One nagging question remains, though. How is Sony planning to stop software piracy on the PS Vita?
The Bad: Let's be frank, E3 2011 was a great show for everyone: Microsoft and Nintendo each held an impressive press conference packed with popular games and interesting tech, but neither surprised me like Sony did. Microsoft is clearly relying on its strong stable of exclusive games (including Gears of War 3 and Halo 4) to carry it through the year while its appeases Kinect owners with blockbuster titles like Mass Effect 3. That's not a bad thing, but it's not exactly ground-breaking either.
The Ugly: And Nintendo? Well, I suspect we were all surprised by the Wii U revelation, but personally I'm a little puzzled as to why I want to play games with a controller the size of a paperback. Frankly, Nintendo hardware always causes this sort of confusion. Nobody knew why they wanted to play handheld games with a stylus on dual screens either. Nintendo had to crank out games that showed us why its gaming device was superior. Nintendo succeeded with the DS and I hope it'll succeed again with the Wii U, but I'm going to remain on the fence until I see some software that makes me want a Wii U like I want a PS Vita.
Lastly, here is PCWorld's Nate Ralph who loves nothing more than to give Nintendo more money for hardware he'll nevese.
The Good: Nintendo - or more specifically the Wii U - gets a big thumbs up from me. I'll get over the name eventually. We all got used to "Wii," right? I'm not entirely sure I want to own one -- I bought my Wii on eBay during the height of its' popularity (and scarcity), and can count on one hand the number of times I've actually fired it up.
But Nintendo has once again shown an almost preternatural ability to simultaneously amaze and confuse its audience.
Will Nintendo be successful with Wii U? Probably. I have some reservations, but even if Nintendo's only worthwhile third-party titles are simply ports of Xbox 360 and Playstation 3 games, the inevitable Wii U iterations of Nintendo's stellar first party franchises (Mario, Smash Brothers and Pikmin, to name a handful) will be enough to make get me in line for its' Franken-tablet.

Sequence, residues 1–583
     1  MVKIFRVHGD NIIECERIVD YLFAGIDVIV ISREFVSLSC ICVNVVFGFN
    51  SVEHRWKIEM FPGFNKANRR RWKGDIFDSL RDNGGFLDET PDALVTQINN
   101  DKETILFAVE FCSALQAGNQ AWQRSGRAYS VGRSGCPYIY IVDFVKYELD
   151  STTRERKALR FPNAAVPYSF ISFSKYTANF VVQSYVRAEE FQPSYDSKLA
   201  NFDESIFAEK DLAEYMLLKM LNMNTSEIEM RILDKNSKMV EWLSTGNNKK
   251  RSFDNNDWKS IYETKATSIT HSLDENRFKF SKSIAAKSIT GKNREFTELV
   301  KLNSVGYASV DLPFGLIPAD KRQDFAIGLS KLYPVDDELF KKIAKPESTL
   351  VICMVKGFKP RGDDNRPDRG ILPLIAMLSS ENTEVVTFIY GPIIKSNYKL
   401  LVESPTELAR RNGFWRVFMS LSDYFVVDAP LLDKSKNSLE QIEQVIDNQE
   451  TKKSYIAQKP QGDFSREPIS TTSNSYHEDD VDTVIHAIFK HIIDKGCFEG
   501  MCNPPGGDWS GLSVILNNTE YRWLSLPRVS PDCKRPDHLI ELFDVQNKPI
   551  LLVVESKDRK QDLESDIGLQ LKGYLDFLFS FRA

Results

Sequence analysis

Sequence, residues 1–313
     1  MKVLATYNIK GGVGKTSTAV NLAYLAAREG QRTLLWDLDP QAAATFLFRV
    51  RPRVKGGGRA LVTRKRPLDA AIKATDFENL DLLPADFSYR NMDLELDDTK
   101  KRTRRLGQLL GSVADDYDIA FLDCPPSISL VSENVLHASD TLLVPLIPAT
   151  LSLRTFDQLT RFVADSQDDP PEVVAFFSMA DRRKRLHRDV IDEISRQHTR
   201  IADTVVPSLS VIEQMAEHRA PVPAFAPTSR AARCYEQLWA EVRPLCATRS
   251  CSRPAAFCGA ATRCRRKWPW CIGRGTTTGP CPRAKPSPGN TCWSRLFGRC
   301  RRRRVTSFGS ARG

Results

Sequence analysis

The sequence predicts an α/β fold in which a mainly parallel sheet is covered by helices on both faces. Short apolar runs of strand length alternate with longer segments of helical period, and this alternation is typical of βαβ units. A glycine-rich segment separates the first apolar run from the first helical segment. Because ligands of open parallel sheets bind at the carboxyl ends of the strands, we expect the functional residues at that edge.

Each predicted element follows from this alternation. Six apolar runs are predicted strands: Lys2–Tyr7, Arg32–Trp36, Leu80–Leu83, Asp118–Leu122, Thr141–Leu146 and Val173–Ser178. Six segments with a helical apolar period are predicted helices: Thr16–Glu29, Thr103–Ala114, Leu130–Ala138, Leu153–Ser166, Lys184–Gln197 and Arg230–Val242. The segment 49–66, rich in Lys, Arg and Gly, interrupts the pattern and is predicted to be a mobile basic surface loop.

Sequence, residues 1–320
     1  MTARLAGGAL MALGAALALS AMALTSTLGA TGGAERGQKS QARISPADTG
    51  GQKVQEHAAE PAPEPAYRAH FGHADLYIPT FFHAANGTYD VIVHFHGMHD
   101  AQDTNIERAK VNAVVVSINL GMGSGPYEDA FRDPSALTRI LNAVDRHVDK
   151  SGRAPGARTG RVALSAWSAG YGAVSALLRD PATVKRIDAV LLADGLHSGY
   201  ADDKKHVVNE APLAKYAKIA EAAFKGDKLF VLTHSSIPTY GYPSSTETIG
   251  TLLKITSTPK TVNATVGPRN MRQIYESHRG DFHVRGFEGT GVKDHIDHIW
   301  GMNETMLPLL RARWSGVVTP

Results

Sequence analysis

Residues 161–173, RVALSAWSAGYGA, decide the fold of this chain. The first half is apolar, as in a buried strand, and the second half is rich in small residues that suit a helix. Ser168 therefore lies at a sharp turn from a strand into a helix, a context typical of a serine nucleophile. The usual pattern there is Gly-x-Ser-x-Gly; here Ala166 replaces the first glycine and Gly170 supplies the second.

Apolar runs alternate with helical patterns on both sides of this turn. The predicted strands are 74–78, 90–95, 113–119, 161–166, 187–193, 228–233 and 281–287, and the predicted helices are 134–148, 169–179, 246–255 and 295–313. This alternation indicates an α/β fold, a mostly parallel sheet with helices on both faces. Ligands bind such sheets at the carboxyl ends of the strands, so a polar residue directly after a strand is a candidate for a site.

And the best part: The competition will have no choice but to respond. They might still be a few years off, but the next iteration of Microsoft and Sony's consoles will have no choice but to be different. Nintendo (and Apple) have proven that you don't need to flashiest, fastest, most advanced piece of hardware to utterly dominate the industry. The arms race is over, and Nintendo's delightfully bizarre Wii U is poised to take gaming to fascinating new places.
The Not So Bad: Sony's PS Vita has a strong feature set, great opening lineup of games, and a reasonable $250 price. Those three data points nudge PS Vita into my "probably should buy" category. Had it not been for Nintendo's announcement, it'd probably be my favorite bit of news from the big three E3 news makers (Nintendo, Sony, and Microsoft).
But as it stands, the PS Vita is par for the course for Sony (and Microsoft): let's figure out what works, and give you more of it. Both of their conferences were defined by sequels to blockbuster games. Uncharted 3, Gears of War 3, Resistance 3 -- these are all experiences we've had before (more or less).
The Miscellaneous: Based on my lack of interest in Kinect console shooters, I was pretty blasé about Microsoft's showing, overall. Although, when Mass Effect 3 gets voice commands that will be pretty nifty.